The Enterprising City Centre reveals exemplars of local partnership working, the development and delivery of realistic implementation plans, and the range of instruments available to create both an improved quality to the urban environment and enhanced commercial and cultural competitiveness of our major city centres. That this was largely delivered in Manchester within a five year period of intensive development and renewal activity amply demonstrates the value of such experience for wider dissemination.
The fragmentation of urban instutitional structures and the dilution of the capacity to deliver policy objectives have been superseded by a Single Regeneration Budget which emphasises partnership and competition between localities for ressources. Current policy emphasises the capacity to deliver programmes on the ground, a requirement for multi-organisational partnership, the emergence of new leaders/managers in urban affairs, the importance of matching funds, and the decline of social and economic need as a criterion for intervention.
The first part of this chapter discusses the concept of local institutional capacity. Local institutional capacity generally refers to the ability or power of localities to shape or create a successful future for themselves, and to adapt to the increasing rate of change in markets and in government policy regimes. It therefore relates closely to discussions of the relative competitiveness of localities in an increasingly internationalized economy, where competitiveness is seen to be related to the economic, environmental and locational attributes of places and to their political and administrative capacity to compete. In the second part of the chapter we chart the evolution of local capacity in Bristol, looking particularly at recent attempts to create/enhance institutional capacity through the development of partnership, collaboration and consensus building, efforts made necessary by the diminution of old powers and competencies in local government, the uncertain future of some key local economic sectors and policy innovation by central government.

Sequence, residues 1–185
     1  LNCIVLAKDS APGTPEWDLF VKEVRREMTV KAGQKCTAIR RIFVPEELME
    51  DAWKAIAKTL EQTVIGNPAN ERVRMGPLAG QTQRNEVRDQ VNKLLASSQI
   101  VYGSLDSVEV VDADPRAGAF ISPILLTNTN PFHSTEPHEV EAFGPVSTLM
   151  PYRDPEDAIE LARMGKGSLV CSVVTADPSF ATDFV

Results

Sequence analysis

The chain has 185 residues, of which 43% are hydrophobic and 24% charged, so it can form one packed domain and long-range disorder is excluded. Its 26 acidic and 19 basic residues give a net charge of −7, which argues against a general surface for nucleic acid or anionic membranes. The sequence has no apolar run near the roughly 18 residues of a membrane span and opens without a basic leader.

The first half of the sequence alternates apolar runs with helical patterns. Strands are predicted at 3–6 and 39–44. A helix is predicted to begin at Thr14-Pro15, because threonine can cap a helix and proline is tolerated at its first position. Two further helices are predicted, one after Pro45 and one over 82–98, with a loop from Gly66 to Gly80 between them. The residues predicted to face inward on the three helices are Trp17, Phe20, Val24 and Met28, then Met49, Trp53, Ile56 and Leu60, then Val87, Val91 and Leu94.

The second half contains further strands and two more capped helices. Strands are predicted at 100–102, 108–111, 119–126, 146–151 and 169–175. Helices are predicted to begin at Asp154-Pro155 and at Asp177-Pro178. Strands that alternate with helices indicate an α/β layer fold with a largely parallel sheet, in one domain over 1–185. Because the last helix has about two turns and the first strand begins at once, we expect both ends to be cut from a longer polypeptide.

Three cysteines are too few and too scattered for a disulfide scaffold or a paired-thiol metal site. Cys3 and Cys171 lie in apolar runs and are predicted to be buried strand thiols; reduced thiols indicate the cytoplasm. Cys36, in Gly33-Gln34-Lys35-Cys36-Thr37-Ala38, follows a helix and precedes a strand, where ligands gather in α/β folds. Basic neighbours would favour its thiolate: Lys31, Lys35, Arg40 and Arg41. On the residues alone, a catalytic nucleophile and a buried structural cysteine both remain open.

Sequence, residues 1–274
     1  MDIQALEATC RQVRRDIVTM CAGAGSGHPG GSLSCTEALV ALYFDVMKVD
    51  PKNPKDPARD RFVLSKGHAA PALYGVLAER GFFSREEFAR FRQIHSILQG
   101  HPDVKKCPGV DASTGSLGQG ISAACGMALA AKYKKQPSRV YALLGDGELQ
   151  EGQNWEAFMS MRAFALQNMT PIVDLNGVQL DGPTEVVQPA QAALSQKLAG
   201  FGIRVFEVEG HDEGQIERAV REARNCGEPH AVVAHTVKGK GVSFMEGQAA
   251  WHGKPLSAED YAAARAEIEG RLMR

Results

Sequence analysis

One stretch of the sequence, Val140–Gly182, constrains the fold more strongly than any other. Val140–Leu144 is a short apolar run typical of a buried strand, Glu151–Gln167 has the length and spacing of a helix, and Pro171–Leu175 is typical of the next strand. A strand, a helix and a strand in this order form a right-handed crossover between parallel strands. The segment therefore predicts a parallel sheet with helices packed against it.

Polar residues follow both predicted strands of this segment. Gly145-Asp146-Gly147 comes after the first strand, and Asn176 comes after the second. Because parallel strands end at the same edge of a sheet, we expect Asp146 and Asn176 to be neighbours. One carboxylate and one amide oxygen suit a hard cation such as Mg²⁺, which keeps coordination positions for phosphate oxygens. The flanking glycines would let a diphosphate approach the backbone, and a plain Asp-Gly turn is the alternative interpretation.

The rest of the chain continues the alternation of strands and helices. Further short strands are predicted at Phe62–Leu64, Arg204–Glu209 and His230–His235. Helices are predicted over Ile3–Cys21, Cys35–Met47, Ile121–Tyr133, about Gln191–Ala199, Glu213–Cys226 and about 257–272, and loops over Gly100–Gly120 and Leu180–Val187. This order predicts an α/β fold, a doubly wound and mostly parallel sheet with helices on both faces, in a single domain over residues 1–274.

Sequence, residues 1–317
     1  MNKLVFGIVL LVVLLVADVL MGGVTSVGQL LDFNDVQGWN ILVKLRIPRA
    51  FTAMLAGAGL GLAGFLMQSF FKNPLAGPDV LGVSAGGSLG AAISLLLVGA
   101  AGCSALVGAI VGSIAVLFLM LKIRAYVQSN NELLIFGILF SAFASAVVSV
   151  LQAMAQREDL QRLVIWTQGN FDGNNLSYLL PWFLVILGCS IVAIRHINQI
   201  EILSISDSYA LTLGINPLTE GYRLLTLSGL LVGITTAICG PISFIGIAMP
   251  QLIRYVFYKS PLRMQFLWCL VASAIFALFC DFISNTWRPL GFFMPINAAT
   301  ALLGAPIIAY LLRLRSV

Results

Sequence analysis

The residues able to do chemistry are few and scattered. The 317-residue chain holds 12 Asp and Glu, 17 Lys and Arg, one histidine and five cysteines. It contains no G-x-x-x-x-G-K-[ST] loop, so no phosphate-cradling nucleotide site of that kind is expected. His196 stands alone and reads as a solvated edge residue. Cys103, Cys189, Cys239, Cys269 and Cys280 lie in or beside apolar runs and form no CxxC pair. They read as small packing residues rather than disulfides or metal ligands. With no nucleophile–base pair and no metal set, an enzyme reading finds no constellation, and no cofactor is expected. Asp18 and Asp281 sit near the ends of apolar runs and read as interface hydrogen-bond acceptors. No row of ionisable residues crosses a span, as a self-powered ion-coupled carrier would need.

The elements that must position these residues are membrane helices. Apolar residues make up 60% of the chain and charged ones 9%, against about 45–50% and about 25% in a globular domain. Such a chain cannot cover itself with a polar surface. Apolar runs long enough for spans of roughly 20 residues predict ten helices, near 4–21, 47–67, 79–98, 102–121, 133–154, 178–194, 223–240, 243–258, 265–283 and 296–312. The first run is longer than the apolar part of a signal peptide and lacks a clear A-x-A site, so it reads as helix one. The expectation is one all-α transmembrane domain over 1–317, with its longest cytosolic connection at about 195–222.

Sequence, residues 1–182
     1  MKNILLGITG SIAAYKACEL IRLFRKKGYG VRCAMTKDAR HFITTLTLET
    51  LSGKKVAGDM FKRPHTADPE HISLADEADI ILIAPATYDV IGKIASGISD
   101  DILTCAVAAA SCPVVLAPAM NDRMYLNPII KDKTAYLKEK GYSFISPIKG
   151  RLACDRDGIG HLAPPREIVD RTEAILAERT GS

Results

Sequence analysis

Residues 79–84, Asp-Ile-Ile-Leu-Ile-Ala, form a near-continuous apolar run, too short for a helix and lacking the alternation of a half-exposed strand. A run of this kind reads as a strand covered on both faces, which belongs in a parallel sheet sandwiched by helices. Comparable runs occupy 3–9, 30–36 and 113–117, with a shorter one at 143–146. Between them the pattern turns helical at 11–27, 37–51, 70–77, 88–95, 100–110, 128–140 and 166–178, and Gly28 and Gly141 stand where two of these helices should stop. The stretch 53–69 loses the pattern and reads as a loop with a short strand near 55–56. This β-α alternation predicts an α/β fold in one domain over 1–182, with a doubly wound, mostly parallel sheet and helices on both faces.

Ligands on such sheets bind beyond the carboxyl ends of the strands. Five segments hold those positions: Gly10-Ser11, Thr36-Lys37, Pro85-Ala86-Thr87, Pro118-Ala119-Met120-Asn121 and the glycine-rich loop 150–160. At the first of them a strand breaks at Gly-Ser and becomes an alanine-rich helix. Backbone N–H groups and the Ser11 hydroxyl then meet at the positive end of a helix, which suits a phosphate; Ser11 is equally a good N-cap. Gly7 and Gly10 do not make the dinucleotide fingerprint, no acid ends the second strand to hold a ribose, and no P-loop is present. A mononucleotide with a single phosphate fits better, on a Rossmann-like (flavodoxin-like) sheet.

This paper seeks to evaluate critically the extent to which there is community involvement in the construction and delivery of urban policy under New Labour, through a case study of the Greater Pollok Social Inclusion Partnership. The paper concentrates on the Scottish experience, but its lessons resonate more widely. Its key finding is that, for all the rhetoric of New Labour and community involvement, the degree to which it has occurred in practice is little different to the level of involvement under Conservative urban policy initiatives. The paper argues that the processes of community consultation and participation during the early stages of the Greater Pollok Social Inclusion Partnership were woefully inadequate. At best it was tokenistic, and at worst, local people were being 'exploited' to legitimise the policy process.
Reflecting the new urban entrepreneuralism, city marketing is more than the mere promotion of place, being used in some cities to rebuild and redefine their image, allied to which has been a strategy of targeting specific types of activity which both reflect and bolster the image. Examining the experience of Glasgow, this paper focuses on the implications raised by the use of such marketing techniques, showing that they have social and political implications which practice tends to overlook. -Author
This article is concerned with the shift away from local government, with its emphasis on direct service provision by elected local authorities, to a system of local governance, in which authorities play roles as client, enabler and partner to a variety of private, voluntary and community organisations. The empirical focus of the paper is the City Challenge initiative, introduced by the British government in 1991. Drawing on interviews with the key actors involved with the initiative in Bristol, the paper explores the extent to which City Challenge opened up the policy making process, and seeks to explain why Bristol became almost the only city to fail to secure funding in two successive rounds of City Challenge bidding.
The inner city as a political issue has had a rare longevity. From Harold Wilson’s expansion of the Urban Programme in 1968, through the new economic perspective embodied in the 1977 White Paper, to Margaret Thatcher’s declaration of having ‘a big job to do in those inner cities’ on election night in 1987 — the issue has always been prominent. This paper examines ways in which the issue has been ‘framed’ over the last decade. It draws on contrasts between state and market mechanisms, the relationships between central and local government and emerging ideologies of the city itself. The author concludes by proposing a new regulatory framework for the development of a national urban policy.